Posted: May 28, 2010 By James Suckling
I attended in Paris last night the 75th anniversary party for the Dillon family's ownership of the famous first-growth Château Haut-Brion, and besides the beauty and grandeur of the event, which was held at the Academie Diplomatique Internationale in the center of the great city, I was impressed with the interest and passion that nearly all the people seemed to have attending the event. Here are my notes on the vertical tasting of Haut-Brion presented.
Posted: May 25, 2010 By James Suckling
All I have heard for the past year is how the Far East via Hong Kong and, in particular, China, is gobbling up all the great wines of the world. Or let's say it's buying the blue-chip, trophy wines from France and a little bit of the New World that many in Europe and the United States have forsaken due to price fatigue. Not many can afford these mega-expensive bottles.
Moreover, I hear that China and the rest of the Far East are really gearing up for buying big time in the Bordeaux futures market, considering the excellent quality of the 2009 vintage for the upper echelon of the region.
But seeing is believing. And the next couple of days will be telltale.
Posted: May 19, 2010 By James Suckling
I read with interest Eric Asimov's well-reported story in today's edition of the New York Times, "Bordeaux Loses Prestige Among Young Wine Lovers," and I felt sad that so many wine lovers in my country don't appreciate the good value that exists in Bordeaux. Moreover, most of these well-priced reds and whites are almost all made by people with dirt on their boots and wine stains on their hands. They are not suits. They are ragged jeans and t-shirts.
Posted: May 14, 2010 By James Suckling
I believe in icon wines, even if they may not be the very best from their respective regions. Some wines are the real deal, both for their pedigree and their ability to represent where they come from, regardless of the quality in the bottle.
I was thinking of this a few weeks back when I was sitting in a room with about two dozen other wine lovers tasting a range of wines from Bordeaux's great Château Haut-Brion and Tuscany's legendary Sassicaia. These two famous red wine producers have in their own ways changed the way their areas make wine, and they are symbolic of the quality of the wines from there. The wines were served side by side in pairs, Sassicaia with Haut-Brion. Here are my tasting notes.
Posted: May 10, 2010 By James Suckling
I don’t know if there is really a grassroots movement in America for fine winemaking, but with the advances in viticulture and winemaking, it seems that good wine can be made just about anywhere in the States. I have been impressed with wines from Arizona, Michigan, Virginia, New Mexico and Idaho. Are we becoming the United Vineyards of America?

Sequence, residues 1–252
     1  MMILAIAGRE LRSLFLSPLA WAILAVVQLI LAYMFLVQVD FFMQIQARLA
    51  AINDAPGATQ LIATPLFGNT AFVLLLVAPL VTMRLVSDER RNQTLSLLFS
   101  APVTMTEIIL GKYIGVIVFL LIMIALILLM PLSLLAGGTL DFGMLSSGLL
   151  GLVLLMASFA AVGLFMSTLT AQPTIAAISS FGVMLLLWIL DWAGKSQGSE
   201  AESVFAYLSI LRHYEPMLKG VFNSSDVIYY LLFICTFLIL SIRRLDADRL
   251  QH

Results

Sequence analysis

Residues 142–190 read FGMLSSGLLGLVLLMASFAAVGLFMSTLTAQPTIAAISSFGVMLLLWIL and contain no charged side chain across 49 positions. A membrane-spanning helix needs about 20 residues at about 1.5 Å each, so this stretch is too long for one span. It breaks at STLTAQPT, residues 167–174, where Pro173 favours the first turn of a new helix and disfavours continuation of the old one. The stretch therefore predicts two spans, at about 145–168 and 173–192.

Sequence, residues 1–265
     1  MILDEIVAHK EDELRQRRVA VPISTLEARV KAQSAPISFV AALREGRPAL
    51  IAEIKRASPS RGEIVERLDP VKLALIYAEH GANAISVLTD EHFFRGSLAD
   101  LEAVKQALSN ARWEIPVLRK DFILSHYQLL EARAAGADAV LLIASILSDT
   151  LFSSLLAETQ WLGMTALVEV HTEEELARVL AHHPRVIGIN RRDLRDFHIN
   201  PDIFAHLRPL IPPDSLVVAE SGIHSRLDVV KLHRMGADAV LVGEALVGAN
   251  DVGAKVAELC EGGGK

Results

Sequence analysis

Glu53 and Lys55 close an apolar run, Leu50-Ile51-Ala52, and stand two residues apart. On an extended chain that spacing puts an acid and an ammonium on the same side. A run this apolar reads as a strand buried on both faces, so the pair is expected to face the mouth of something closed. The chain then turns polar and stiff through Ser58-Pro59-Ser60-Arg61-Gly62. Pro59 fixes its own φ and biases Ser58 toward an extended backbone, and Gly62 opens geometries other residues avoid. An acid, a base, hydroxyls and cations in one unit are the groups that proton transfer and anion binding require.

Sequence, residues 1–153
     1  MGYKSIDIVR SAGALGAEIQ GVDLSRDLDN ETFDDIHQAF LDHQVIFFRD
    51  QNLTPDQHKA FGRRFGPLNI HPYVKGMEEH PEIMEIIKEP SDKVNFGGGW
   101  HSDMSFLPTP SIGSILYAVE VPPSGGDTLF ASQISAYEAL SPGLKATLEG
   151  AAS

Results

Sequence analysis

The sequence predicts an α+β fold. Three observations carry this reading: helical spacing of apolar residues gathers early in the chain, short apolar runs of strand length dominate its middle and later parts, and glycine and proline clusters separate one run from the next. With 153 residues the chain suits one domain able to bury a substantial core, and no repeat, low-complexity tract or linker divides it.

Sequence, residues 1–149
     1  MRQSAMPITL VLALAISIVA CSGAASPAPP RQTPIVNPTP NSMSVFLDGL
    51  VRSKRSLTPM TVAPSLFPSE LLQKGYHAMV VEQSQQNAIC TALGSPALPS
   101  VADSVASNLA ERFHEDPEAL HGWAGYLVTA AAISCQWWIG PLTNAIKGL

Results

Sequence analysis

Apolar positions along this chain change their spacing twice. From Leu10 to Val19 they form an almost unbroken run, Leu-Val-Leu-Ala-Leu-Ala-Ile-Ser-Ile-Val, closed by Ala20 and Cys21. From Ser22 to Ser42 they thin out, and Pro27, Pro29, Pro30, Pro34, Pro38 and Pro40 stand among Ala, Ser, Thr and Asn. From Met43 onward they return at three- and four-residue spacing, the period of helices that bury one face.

Posted: May 7, 2010 By James Suckling
I spent the weekend driving into the depths of Virginia and West Virginia with some friends after the Grand Tour in Washington, D.C., and we stopped off at two Virginia wineries, Boxwood and Chrysalis. I have to say that I didn't have great expectations for these places. But I was obviously wrong. Here are my notes on some of the wineries' best wines.
Posted: April 30, 2010 By James Suckling
I had dinner the other night in L.A. again with my collector buddy from Hong Kong, Hendra Anwar. We went for some pasta at Angelini Osteria restaurant, which is always good. Hendra brought a couple of Burgundies: 2002 Fontaine-Gagnard Bâtard-Montrachet and 1991 Armand Rousseau Ruchottes-Chambertin Clos des Ruchottes. I brought a bottle of 1997 Antinori Bolgheri Superiore Guado al Tasso Tenuta Belvedere.
But the most interesting part of the evening for our vinous endeavors was Hendra's insistence that the wine merchant who sold him two cases of bogus 1978 Paul Jaboulet Aîné Hermitage La Chapelle was still responsible for the sale after 15 years. (For more on that, check out my April 23 blog.) Yes, he bought the wine 15 years ago and he wants it to be replaced, or get a refund.
Posted: April 26, 2010 By James Suckling
Vegas is Vegas. I can't think of a more fun place to hang out for a weekend and taste more than 200 outstanding wines from all over the world. I am still thinking today about all the wonderful wines I tasted on Saturday night during the Grand Tour at the Venetian Hotel.
Some of the super wines that come to mind include 2001 Palmer, 1999 Haut-Brion, 2004 Lafite Rothschild, 2004 Valdicava Brunello di Montalcino Madonna del Piano Riserva, 2007 Bruno Giacosa Barbaresco Santo Stefano di Neive, 2007 Bibi Graetz Testamatta, 2004 Casanova di Neri Brunello di Montalcino Cerretalto.
Posted: April 23, 2010 By James Suckling
My friend was really pissed off. Hendra Anwar, who lives in Los Angeles and Hong Kong, invited me for dinner last night at Cut in Beverly Hills and brought some amazing bottles to drink, including a 1989 Louis Latour Montrachet, 1993 Emmanuel Rouget Echézeaux, and 1978 Paul Jaboulet Aîné Hermitage La Chapelle. What almost ruined his night was that the last wine was a rotten fake.
Posted: April 19, 2010 By James Suckling
My two children were supposed to fly out on Friday to Manchester, England, from Florence, Italy, but their flight was canceled like hundreds of others in Europe due to the live volcano in Iceland. We were sitting around the small airport in a daze and I thought let's go up and check out the winery of Bibi Graetz in the hills of Fiesole just about the renaissance city. They didn't mind. They were happy not to go back to gray England. So we drove up and checked it out.
Bibi, 43, makes one of Tuscany's true cult wines, Testamatta. It's a pure Sangiovese that has the race and breed of a grand cru Burgundy. Think of Domaine de la Romanée-Conti's La Tâche. I like to go up and talk wine with Bibi every once in a while. He is a freak for old vines in Tuscany.
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